The Mission Hills complex
Ten of the twelve Mission Hills courses were designed by Schmidt-Curley, which also crafted the complex’s master plan and brought in its own construction company to dig and grade the topography. After its founding in 1992, the club expanded at a breakneck pace, quickly moving past North Carolina’s iconic Pinehurst Resort (eight courses) to become the world’s largest golf complex. In acreage, Mission Hills is five times the size of Central Park and interlaced with 225 miles of cart paths. Its Dongguan Clubhouse (one of four on the property) measures more than 680,000 square feet, making it the world’s largest. Some 3,000 caddies, all of them female, are employed by Mission Hills, along with 7,500 other staff.
Mission Hills’ growth does not stop here. Chu is mid-construction with another Mission Hills complex—this one on the province of Hainan, long dubbed “China’s answer to Hawaii.” The Mission Hills Hainan Island project is shrouded in secrecy but will reportedly include 22 courses on acreage one-and-a-half times the size of Manhattan.
During the HSBC Champions telecast, BBC commentators referenced a moratorium on golf construction imposed by the Chinese government, reciting a list of courses produced during that “quarantine” period. It was a reminder of the prevailing concept of guanxi in Chinese business culture, in which official rules pale in importance compared to well-formed commercial relationships.
Brian Curley, as steeped as any westerner in the Chinese attitude toward golf, didn’t see backlash against the sport as an impetus for the ban announcement. “From what I’ve been able to gather,” says Curley, “the central government’s course moratorium has nothing to do with feelings that golf is bourgeois or elitist. It was about protecting against unnecessary sprawl. The government sees the benefits of golf as an economic force.”
After returning from a lengthy Asian trip, John Strawn quoted Chinese business contacts as saying the government has drafted “a new golf-friendly tourism development policy.” Strawn infers from this information that PCA ministers will “continue trying to preserve agricultural land” without focusing on golf as part of that policy.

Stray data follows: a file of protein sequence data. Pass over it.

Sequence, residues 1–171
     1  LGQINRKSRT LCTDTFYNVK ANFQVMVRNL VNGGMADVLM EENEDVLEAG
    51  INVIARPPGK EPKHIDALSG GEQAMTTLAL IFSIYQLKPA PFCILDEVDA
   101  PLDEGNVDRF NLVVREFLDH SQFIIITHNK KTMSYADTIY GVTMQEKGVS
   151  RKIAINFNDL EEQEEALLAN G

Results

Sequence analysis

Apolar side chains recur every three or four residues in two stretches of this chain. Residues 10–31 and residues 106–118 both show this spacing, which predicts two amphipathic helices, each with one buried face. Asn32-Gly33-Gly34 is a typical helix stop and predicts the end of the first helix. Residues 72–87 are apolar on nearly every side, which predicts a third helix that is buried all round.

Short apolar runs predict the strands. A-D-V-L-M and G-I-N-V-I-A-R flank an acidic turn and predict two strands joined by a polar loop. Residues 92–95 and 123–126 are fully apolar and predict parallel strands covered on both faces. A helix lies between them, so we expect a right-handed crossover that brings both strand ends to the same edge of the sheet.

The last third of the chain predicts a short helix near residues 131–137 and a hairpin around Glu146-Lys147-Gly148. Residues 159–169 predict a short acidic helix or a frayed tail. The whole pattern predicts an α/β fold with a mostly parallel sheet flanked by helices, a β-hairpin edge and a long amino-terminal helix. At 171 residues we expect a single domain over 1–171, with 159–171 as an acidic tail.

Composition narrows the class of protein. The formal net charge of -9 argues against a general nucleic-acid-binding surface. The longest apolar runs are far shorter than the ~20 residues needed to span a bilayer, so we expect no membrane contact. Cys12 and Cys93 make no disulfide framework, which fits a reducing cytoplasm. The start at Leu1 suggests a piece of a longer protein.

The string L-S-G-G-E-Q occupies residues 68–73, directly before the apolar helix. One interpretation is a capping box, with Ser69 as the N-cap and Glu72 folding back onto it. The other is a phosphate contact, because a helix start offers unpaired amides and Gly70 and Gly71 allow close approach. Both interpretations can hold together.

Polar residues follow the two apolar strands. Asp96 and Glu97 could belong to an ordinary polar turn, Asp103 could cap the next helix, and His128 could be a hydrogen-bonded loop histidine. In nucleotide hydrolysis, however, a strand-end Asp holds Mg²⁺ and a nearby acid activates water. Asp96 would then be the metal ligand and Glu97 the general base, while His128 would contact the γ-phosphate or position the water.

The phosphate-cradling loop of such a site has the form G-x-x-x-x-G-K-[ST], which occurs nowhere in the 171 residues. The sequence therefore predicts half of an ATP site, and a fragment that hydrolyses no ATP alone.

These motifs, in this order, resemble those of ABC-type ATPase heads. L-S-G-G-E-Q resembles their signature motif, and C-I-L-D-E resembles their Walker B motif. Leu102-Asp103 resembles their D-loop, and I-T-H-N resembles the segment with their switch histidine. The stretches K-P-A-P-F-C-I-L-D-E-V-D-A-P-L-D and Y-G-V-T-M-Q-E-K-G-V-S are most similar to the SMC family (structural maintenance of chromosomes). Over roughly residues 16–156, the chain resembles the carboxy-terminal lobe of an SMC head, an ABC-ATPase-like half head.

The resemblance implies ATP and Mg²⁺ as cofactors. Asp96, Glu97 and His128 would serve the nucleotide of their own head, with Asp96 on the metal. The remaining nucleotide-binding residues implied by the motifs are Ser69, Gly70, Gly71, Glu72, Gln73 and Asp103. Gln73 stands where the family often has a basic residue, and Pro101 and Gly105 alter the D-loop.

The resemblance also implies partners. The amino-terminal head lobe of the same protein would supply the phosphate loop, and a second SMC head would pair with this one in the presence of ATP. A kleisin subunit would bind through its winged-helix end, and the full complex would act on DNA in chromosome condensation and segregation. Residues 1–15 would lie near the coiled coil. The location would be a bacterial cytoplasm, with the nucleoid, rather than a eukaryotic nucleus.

Another U.S. course-crafting firm well versed in the Chinese market is California-based GolfPlan. One of its principals, David Dale, recalls his earliest visits to China with a sense of wonder at how swiftly change has come. “In Shanghai back in 1991, you drove through the city on surface roads full of people on bicycles wearing all-gray clothing,” says Dale. “Now you fly along elevated freeways, and people dress completely differently. It makes your head spin.”
Golf as real estate
Dale says his firm frequently designs courses for Chinese developers intent on a simple “land grab,” with the course serving as a real-estate value enhancer and perhaps a temporary revenue source. “There are 54-hole complexes going up in remote places three hours from the nearest city, and there’s no logical way for the operating numbers to make sense,” says Dale. “But they’re in a projected growth corridor, and the land is seen as having huge appreciation potential.”
Other GolfPlan projects, such as Orient Golf Club in Fuzhou, in Fujian Province, are private enclaves with water views that are likely to become the Cypress Points or Newport Country Clubs of China. The golf bug is even biting in Mongolia, according to Dale. He has a team working there now on what will be the remote province’s first 18-hole course with all-natural turf.
Viewed as a marketing and branding case study, Mission Hills seems to change the rules of golf development, if subtly. The property’s courses are festooned with marquee names: Jack Nicklaus, Pete Dye, Greg Norman, Nick Faldo, Annika Sörenstam, Ernie Els, Jose Maria Olazabal, Vijay Singh, David Leadbetter, David Duval and Jumbo Ozaki. At the same time, Schmidt-Curley, which spent years in the “commodity design” or “ghostdesigning” niche, has been granted much in the way of official credit for authorship of the superclub.
The long-term importance of the game to this fast-growing nation will be measured as much by the citizenry’s participation level as by any other factor. Schmidt-Curley shares the view of experienced westerners that China should have alternative facility types beyond the old model of an 18-hole, par-72 configuration. “We’ve convinced many owners that a golf course is a business, and profitable ones can come in many shapes and sizes,” says Curley. “The learning-center concept is one that will take hold there very quickly, especially in urban areas. They will become neighborhood centers for socializing and, due to cultural differences, they are a much more viable model in Asia than in the West. We’ll see a much greater variety of facilities in China than we do in the U.S.”
Innovative ways to introduce the ancient Scottish game to the Chinese should fast-track its growth even more. The Chinese aspire to playing golf, says Strawn: “It’s a way for them to show they are a modern society. They’ve made huge strides in that respect—commercial infrastructure, airports, broadband Internet, things like that. The next logical step is, ‘OK, we’ll play golf, too.’”
DAVID GOULD is co-founder of TheAPositon.com and has been executive editor of Travel + Leisure Golf.